Martin Marietta thinks big on defense work

FACING THE CHALLENGES OF THE NEW YEAR

January 03, 1993|By Ted Shelsby

Bigger is better. That's what Bethesda-based Martin Marietta Corp. is betting.

If approved, as is expected, Martin's proposed $3.05 billion acquisition of General Electric Corp.'s aerospace division will make it the nation's second-largest defense contractor. Annual sales are expected to jump to about $11 billion, up from the $6.08 billion Martin reported at the end of 1991.

Martin's strategy for the new year: Go for a bigger slice of the Pentagon pie. Although defense spending has been under attack, the Defense Department still spends $100 billion a year on such things as rockets, tanks and night vision gear for fighter planes.

Martin earned $269.7 million, equal to $6.30 a share, on sales of $1.5 billion during the first nine months of 1991. It is expected to post earnings of $7.34 a share in 1992, and $7.96 per share this year, according to analysts' estimates compiled by Bloomberg Business News.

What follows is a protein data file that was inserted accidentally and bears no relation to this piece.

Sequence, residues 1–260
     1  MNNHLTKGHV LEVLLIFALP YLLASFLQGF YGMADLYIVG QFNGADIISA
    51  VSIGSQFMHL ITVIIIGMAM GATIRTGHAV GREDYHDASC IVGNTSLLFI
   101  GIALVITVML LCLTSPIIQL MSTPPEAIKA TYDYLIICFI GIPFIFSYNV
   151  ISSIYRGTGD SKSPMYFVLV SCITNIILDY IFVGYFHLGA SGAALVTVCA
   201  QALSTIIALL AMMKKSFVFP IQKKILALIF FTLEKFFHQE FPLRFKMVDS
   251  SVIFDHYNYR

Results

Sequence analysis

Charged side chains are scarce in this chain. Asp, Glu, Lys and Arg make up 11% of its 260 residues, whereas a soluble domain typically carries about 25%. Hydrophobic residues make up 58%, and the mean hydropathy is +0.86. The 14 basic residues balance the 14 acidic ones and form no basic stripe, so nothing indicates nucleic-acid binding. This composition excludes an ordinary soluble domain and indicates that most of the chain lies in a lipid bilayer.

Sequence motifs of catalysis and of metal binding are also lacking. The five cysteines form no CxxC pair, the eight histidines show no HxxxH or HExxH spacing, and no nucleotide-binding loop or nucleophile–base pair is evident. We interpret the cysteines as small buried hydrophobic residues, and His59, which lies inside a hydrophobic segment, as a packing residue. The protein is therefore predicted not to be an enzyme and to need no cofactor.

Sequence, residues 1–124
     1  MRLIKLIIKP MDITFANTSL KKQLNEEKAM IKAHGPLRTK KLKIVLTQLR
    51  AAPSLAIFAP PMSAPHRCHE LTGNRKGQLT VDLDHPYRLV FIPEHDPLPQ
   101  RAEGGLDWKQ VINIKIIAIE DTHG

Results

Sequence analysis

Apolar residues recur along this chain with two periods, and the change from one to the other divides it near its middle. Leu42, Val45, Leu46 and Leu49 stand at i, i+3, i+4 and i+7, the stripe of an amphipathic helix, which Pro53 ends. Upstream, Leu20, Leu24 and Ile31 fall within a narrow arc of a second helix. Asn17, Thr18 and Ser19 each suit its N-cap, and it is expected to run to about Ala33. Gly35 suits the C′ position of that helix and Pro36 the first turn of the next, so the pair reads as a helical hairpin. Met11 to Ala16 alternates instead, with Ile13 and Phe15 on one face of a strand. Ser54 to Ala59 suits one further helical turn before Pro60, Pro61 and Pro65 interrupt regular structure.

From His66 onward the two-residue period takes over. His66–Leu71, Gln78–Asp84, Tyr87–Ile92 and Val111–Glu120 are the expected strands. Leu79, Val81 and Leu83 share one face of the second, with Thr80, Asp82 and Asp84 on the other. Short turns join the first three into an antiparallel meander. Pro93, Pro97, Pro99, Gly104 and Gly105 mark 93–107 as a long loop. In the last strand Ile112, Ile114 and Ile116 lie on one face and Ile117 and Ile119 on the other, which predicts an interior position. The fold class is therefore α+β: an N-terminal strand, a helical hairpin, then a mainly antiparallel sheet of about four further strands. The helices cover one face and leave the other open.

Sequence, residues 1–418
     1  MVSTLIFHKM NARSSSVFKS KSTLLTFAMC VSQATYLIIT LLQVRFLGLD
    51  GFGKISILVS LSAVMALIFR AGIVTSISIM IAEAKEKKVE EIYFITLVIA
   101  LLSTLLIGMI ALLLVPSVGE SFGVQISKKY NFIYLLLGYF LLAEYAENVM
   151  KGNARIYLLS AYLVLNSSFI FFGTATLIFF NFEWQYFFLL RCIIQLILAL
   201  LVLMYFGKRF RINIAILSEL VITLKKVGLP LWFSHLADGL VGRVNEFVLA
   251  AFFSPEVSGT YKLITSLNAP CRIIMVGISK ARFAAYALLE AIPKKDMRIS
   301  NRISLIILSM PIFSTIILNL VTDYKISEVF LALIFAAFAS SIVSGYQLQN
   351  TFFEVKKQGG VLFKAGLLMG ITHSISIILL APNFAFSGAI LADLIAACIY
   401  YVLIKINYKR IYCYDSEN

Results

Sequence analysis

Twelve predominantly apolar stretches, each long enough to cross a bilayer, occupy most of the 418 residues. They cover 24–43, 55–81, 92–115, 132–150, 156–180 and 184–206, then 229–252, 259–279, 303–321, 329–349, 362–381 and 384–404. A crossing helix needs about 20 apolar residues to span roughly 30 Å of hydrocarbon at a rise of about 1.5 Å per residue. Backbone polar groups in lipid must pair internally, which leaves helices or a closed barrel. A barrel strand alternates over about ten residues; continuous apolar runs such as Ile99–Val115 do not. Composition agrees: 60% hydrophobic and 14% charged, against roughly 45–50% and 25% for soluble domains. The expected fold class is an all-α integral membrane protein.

Martin is betting that a combined operation will be more efficient, stronger and more competitive.

It could work. Stock analysts call the Martin/GE deal a good fit, noting, for example, that Martin produces Titan rockets used to launch satellites and GE produces satellites for government and commercial customers. For the first time, Martin will be able to offer customers a package deal.

One problem facing Norman R. Augustine, Martin chairman and chief executive: managing the consolidation of GE Aerospace and handling a work force that will grow from 57,000 to 94,000. Martin expects to shrink the work force and boost efficiency in the merged operations.

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